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The Monday round-up returns!


by Jerome Weeks 24 Mar 2008

Fifteen years ago, if you wanted to write about the Victorian governess — all of those formidable females from Mary Wollstonecraft to the steamy romantic heroine to Anna in The King and I — you really had to dig for primary sources, says Kathyrn Hughes. Not many people felt the thoughts and memories of nannies […]

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The Governess Wears Scarlet by Sari Robins

  • Fifteen years ago, if you wanted to write about the Victorian governess — all of those formidable females from Mary Wollstonecraft to the steamy romantic heroine to Anna in The King and I — you really had to dig for primary sources, says Kathyrn Hughes. Not many people felt the thoughts and memories of nannies were worth keeping. (She often ate with the servants.) Now comes a new, popular history of the governess, and nothing new is to be said? And it turns out Anna was more of a hard-headed, look-out-for-herself sort than popularly thought:

It wasn’t just her past that Leonowens faked. Much of her highly spiced account of the years she spent at the “barbarous” court of King Mongkut was later revealed as a work of titillating fancy. Leonowens was determined to find a way of buying herself out of the schoolroom, and if writing passages of barely veiled erotica was the cost, then she was prepared to pay it.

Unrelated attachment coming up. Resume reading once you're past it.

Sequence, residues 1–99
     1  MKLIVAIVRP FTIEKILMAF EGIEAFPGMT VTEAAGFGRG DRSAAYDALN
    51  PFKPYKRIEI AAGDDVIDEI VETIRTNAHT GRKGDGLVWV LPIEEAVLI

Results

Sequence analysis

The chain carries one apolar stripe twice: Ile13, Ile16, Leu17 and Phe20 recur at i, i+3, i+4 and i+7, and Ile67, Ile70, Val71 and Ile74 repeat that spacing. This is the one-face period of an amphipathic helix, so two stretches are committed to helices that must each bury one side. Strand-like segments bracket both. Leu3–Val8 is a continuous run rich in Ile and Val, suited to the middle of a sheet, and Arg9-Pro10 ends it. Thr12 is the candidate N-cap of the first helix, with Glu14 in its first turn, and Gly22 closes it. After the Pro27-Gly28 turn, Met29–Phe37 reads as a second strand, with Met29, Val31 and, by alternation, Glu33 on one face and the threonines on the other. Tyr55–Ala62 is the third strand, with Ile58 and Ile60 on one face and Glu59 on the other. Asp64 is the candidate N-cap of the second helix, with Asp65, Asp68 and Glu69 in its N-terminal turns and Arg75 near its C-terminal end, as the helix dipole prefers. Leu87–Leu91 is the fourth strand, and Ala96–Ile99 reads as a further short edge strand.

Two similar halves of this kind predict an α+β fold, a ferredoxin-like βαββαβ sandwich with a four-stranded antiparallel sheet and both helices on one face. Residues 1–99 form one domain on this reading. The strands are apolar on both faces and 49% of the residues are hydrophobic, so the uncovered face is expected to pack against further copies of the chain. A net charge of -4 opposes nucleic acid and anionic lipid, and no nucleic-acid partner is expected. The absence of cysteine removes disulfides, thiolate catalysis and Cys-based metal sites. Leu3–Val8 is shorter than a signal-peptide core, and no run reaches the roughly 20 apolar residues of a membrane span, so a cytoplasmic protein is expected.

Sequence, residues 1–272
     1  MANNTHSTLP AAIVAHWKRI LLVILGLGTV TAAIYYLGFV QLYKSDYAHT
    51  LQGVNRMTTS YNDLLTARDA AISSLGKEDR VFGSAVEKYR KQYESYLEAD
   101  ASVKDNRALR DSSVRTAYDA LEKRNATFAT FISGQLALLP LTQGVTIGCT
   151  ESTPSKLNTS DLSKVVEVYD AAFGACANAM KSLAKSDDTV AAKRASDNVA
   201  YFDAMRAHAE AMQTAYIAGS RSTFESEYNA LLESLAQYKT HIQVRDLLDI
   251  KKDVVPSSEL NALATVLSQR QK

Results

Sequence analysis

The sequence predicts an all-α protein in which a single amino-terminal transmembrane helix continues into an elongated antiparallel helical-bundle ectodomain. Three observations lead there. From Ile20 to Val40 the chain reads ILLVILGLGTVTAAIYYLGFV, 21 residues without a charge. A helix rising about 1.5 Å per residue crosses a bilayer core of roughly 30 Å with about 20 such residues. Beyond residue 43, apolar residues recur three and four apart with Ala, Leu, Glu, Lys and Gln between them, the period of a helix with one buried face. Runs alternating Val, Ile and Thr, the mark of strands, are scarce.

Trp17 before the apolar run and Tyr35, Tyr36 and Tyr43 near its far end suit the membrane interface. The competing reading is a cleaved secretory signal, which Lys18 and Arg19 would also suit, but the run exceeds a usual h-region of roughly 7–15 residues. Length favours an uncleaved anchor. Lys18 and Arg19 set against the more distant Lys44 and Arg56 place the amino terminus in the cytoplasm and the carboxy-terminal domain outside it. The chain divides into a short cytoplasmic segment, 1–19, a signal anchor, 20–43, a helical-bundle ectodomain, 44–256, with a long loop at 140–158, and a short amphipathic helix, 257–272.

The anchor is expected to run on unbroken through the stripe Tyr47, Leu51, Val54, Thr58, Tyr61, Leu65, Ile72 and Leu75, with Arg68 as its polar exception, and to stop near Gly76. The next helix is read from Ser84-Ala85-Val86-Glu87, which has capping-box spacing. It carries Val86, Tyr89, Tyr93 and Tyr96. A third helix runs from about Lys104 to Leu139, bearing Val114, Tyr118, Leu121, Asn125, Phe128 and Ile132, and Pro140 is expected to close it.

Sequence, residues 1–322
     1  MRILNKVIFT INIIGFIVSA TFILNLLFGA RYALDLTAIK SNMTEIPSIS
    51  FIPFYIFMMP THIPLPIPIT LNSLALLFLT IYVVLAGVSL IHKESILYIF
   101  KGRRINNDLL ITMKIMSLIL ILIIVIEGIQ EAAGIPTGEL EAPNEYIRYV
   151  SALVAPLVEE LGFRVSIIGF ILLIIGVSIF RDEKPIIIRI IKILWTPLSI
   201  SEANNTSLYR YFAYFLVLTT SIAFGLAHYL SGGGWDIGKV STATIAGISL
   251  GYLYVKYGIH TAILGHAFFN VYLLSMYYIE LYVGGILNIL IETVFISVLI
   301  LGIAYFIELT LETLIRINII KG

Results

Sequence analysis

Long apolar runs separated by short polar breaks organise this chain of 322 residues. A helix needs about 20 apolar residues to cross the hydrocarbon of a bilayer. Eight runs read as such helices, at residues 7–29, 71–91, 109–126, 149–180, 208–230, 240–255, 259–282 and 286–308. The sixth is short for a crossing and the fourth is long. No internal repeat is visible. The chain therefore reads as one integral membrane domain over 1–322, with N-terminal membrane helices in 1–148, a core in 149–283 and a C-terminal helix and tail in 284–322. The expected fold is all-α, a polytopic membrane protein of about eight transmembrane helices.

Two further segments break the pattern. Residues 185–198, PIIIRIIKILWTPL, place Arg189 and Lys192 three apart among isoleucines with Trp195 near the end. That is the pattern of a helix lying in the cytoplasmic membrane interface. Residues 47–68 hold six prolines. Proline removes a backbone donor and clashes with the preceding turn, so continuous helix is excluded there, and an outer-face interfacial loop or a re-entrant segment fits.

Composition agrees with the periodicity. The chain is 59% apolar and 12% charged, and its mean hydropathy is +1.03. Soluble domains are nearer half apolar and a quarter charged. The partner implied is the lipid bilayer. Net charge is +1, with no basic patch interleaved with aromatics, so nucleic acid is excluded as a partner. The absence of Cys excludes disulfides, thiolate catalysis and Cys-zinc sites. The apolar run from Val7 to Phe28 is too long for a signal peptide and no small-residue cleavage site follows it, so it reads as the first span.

• When I visited Havana, back at the turn of the millennia, it certainly looked to be the case: Is Cuba going to be the “next hot art market”? 
  • The kind of lead sentence in a review that gets a professional journalist/critic’s attention:

First the good news. It won’t be long before borderline illiterate half-wit blowhards like me, with our fat salaries, expense-account lifestyles and stranglehold on the means of expression, become obsolete. Wikipedia, Second Life, Craigslist, MySpace, Bebo, Facebook, Flickr point the way to the lovely future where sharing caring groups of amateurs can connect in ways that will be experientially satisfying, community-boosting and, fingers crossed, democratically revivifying. I and 35,000 other paid journalists in the UK plus lots more worldwide face the knacker’s yard.

The bad news is that the if two books under question are right, “most professions will be undermined by web-based social tools in similarly harrowing ways… So don’t look so smug.”  But what I want to know is … “expense -account lifestyles”? I seem to have missed some serious perks.

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  • Bill Bixby

    Shouldn’t a “professional journalist/critic” recognize that that’s a lead paragraph of four sentences rather than a “lead sentence”?

  • Actually, it’s only the second sentence in the paragraph that hooked me — hence, my question about all those expense accounts that I’ve apparently failed to enjoy to their five-star restaurant fullest.